Folks with dementia love children, especially babies. Take advantage of Grandparent’s day to allow these two groups of people to connect. Kids make most people smile especially those with dementia

Over 5.3 million Americans have dementia. Most of them are grandparents. Folks with dementia love children, especially babies. Take advantage of Grandparent’s day to allow these two groups of people to connect. Kids make most people smile especially those with dementia

Even though Grandparent’s day is Sept 12, extend it to Grandparent’s week if you are dealing with someone who has dementia. If too many grand kids visit at once, the excitement and confusion might be too much for a dementia person. Have the grandchildren visit one or two at a time. That way quality time is exchanged and the level of confusion is kept at a minimum.

Keep visits short. Discuss dementia with the children before the visit. There are many good books to assist you in helping a child to understand dementia. One such book is The Magic Tape Recorder by Joyce Simard. This is a thoughtful and well written book that explains the effects of Alzheimer's disease and related dementias to children in a light and entertaining way. If the youngsters are familiar with the disease, the time spent together will be more meaningful for all.

What should you do during the visit?
There are many activities that both the dementia person and children enjoy.
*Look at family pictures and recall the stories that go with them. Of course, you would have told the child that he may hear the same story several times. If you do not have old family photos or have not organized them yet, use this book, Adorable Photographs of Our Baby-Meaningful, Mind Stimulating Activities and More for the Memory Challenged, their Loved Ones and Involved Professionals, by Susan Berg. It not only has cute conversation stimulating baby pictures, but activity ideas related to the photos are suggested.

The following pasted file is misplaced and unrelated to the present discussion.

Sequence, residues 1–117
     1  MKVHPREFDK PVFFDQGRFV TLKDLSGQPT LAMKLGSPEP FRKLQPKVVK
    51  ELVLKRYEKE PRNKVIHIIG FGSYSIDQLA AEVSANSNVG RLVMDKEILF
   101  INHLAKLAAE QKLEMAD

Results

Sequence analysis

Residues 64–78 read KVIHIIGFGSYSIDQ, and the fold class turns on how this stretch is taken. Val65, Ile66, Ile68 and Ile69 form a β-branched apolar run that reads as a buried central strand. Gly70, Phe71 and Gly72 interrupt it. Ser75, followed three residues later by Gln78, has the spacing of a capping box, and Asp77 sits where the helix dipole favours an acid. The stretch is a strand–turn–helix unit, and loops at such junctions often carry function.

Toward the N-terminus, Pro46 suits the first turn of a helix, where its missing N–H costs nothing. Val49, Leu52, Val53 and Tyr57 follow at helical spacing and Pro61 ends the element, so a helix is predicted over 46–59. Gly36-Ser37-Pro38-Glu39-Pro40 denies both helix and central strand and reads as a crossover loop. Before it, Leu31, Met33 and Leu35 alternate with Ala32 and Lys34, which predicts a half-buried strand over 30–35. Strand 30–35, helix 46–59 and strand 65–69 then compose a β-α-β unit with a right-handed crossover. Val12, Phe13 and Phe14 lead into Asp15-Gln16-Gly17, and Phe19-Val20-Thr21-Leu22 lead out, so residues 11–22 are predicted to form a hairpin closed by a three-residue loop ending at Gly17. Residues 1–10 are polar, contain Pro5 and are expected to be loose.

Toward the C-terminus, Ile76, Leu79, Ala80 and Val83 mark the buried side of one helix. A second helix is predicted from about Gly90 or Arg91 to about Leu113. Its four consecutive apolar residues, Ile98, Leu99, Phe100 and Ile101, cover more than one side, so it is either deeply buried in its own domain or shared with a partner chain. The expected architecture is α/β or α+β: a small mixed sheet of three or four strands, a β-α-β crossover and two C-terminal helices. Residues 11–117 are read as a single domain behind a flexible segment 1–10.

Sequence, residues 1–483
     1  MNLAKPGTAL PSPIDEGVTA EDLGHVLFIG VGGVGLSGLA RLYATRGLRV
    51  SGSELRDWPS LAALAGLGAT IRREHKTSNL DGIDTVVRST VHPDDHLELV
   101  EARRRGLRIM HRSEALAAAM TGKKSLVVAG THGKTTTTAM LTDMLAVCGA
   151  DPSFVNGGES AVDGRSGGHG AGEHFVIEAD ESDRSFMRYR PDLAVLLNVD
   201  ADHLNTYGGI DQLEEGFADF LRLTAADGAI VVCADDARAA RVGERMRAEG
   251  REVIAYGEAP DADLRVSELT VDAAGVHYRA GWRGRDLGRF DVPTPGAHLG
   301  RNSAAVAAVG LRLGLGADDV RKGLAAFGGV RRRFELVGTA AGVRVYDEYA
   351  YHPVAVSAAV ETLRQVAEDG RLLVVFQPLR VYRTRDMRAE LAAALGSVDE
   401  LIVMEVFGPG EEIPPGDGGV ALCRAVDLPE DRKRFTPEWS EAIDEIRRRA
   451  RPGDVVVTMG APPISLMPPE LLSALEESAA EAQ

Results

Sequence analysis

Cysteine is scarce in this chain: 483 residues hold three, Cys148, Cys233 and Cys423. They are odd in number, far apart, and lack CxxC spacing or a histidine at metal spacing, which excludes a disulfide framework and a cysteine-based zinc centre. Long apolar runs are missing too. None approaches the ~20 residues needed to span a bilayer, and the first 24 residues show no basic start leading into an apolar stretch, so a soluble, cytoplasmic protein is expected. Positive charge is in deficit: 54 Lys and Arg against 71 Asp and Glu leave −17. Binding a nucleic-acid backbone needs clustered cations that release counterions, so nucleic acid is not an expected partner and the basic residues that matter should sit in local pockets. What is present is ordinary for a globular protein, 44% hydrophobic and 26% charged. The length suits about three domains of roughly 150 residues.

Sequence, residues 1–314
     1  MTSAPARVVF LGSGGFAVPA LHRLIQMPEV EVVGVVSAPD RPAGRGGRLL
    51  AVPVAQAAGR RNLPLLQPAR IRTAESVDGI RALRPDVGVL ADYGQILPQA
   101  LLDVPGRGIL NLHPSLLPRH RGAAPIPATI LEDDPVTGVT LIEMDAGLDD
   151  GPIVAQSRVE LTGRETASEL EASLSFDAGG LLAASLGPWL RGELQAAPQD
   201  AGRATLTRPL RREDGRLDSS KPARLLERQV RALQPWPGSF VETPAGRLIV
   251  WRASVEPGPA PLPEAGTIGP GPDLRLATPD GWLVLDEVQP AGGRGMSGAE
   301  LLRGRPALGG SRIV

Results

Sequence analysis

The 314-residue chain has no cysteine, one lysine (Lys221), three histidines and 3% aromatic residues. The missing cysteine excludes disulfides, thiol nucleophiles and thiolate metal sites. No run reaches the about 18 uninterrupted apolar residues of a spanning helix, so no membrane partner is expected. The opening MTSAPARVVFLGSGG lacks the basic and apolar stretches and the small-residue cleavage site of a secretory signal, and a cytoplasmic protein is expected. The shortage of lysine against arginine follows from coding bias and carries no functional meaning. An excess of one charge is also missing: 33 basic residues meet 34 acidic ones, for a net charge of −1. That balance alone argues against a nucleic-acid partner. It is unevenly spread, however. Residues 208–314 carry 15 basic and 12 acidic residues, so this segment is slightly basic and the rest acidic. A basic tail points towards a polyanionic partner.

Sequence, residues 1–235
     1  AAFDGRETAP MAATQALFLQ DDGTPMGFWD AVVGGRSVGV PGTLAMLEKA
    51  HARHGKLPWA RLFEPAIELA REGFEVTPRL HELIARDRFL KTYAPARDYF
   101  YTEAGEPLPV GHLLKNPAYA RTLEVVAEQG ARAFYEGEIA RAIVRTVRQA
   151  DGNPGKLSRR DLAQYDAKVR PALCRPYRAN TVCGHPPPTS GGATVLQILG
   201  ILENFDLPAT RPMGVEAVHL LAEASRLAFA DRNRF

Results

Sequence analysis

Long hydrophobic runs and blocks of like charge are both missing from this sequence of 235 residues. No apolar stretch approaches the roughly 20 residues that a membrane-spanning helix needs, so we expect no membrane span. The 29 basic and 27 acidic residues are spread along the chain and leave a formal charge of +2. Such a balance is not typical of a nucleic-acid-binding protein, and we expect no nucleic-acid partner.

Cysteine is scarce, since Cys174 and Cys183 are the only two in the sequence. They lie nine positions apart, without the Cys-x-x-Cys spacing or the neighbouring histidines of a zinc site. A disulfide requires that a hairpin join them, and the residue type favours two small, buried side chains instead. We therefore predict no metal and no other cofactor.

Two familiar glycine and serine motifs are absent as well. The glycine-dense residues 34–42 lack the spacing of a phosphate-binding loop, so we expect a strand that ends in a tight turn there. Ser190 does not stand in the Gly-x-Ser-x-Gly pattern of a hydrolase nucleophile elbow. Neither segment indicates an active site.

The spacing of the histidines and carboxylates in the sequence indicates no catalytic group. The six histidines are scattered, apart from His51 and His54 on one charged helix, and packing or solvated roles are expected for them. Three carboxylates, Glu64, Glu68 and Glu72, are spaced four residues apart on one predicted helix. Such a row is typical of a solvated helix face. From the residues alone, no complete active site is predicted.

*Sing familiar songs together. Patriotic songs are ideal because most people, young and old, know them. Some good songs are: America, America the Beautiful, and God Bless America
*Watch a portion of a classic musical movie. Do not try to watch too long because the dementia person or child may lose interest. Movie suggestions are: any Shirley Temple movie, Judy Garland movies including, The Wizard of Oz, and The Sound of Music.
*Have a snack or meal together. Everyone loves ice cream.
*Make an old family favorite recipe together. Then eat it
*Go for a ride. Because gasoline prices are high and attention spans are short, a short trip is best.

So this Grandparents day, September 12, include a loved one with dementia and a grandchild in a lovely experience for both.

alzheimers ideas

Wednesday, August 18, 2010

Specialized center helps seniors with memory loss(part 3)

Activities directors and other healthcare professionals here is a great dementia resource for caregivers and healthcare professinals,

Here is information on being the best caregiver you can be

Here is a way for nurses administrators, social workers and other health care professionals to get an easyceu or two

Here are more interesting dementia brain boosting activities





Get your subscription to Activity Director Today's e magazine

Staples acknowledged there are more women out there than men — women tend to outlive their partners — and that many senior men aren’t as social as women; they prefer to stay in their homes where everything is familiar, Staples said.

Alzheimer’s program director Zullo said his organization was in the process of referring to Aspen several men showing early stage memory loss who attend monthly counseling sessions at the Utah Chapter.

Cost for a full day is $58, including lunch catered by three different restaurants in the area. Or clients can pay $10 an hour, plus $9 for lunch.

“The idea is to serve the entire family by allowing family caregivers time off from the responsibilities of caring for their senior. Or, they can participate here with them,” said Staples.

Monday, August 16, 2010

Specialized center helps seniors with memory loss (part 2)

Activities directors and other healthcare professionals here is a great dementia resource for caregivers and healthcare professinals,

Here is information on being the best caregiver you can be